On the rightness of stopping writing . . .
In "His Penetrating Gaze" (NYT, August 29, 2014), Rachel Donadio reviews Alessandro Baricco's complex novel Mr. Gwyn and Three Times at Dawn, and I was drawn to this part:
We begin in contemporary London, where the novelist Jasper Gwyn, "quite fashionable in England and fairly well known abroad," has decided, out of the blue, at the age of 43, to stop writing. He announces this via an article in The Guardian listing 52 things he will never do again. "And the last was: write books. His brilliant career was already over."Perhaps I, too, should announce in The Guardian that I will stop writing. Doing so, might have an inverse effect on my brilliant career.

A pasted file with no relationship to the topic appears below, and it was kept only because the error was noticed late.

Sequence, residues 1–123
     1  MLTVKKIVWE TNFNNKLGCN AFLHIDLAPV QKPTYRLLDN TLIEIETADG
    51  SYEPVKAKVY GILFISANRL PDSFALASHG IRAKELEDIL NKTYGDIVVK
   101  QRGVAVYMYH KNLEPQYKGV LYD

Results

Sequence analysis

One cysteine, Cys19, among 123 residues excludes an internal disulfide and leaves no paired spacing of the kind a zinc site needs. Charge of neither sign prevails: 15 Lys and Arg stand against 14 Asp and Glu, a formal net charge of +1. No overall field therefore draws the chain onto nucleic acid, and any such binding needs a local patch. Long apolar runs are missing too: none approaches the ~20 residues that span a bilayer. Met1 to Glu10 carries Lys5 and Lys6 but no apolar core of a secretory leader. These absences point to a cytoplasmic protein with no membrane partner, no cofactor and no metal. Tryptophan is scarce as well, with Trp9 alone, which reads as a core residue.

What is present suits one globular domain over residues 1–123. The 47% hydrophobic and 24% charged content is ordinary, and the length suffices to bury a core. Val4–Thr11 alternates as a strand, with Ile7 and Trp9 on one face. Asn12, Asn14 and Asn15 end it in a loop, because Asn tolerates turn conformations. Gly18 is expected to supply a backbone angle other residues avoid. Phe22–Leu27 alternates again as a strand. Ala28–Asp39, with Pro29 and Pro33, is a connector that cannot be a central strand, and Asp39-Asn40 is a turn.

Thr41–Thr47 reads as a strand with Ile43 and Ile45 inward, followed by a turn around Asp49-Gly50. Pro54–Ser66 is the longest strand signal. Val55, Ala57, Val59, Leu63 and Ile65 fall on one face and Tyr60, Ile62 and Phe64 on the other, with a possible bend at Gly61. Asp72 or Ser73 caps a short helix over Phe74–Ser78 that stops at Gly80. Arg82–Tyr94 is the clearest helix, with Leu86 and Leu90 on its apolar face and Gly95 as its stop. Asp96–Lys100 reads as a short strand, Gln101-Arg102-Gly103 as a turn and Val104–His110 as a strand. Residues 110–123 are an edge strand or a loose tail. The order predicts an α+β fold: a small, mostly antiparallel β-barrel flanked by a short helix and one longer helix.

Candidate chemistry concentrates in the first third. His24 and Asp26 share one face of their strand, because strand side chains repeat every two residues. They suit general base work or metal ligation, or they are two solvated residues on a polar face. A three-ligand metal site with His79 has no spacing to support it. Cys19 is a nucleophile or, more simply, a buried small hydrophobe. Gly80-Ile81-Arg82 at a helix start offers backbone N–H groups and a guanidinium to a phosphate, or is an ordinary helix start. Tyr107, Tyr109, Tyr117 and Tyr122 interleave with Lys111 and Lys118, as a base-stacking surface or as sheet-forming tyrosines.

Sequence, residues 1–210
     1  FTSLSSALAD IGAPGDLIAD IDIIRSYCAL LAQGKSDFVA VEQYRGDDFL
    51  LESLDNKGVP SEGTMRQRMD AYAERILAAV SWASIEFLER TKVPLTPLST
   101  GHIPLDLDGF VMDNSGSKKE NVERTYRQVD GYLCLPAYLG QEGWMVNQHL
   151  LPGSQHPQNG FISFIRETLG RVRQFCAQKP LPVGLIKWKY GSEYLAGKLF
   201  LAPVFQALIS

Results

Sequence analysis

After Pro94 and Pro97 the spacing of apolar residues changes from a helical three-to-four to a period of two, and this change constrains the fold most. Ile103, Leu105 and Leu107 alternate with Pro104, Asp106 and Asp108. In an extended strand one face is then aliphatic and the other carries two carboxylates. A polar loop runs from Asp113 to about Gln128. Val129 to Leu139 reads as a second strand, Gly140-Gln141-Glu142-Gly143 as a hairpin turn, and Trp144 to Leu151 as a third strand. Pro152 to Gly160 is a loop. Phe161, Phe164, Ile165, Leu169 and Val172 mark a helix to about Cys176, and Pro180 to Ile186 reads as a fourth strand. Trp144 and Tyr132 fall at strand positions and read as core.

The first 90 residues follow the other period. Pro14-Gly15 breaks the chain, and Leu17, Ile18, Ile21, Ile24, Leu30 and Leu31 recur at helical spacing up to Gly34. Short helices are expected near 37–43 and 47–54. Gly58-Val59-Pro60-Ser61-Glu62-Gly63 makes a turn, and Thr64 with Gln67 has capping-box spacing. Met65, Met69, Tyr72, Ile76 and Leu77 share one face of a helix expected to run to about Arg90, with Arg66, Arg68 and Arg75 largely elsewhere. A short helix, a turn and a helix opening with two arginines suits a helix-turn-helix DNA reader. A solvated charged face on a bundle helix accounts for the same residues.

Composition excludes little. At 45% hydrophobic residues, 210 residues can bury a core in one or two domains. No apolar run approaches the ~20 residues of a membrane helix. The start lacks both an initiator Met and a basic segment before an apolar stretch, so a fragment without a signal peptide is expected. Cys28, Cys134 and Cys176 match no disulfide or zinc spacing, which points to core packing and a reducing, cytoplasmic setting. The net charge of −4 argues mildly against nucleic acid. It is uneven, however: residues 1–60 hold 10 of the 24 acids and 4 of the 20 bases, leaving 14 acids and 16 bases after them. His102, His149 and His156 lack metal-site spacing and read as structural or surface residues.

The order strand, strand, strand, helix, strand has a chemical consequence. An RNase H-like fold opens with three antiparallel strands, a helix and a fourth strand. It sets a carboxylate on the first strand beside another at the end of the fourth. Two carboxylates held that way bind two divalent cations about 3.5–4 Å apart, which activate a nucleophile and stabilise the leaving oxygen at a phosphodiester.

If Miles Franklin can do it, I can do it! She withdrew her first book from publication, but still had a brilliant career.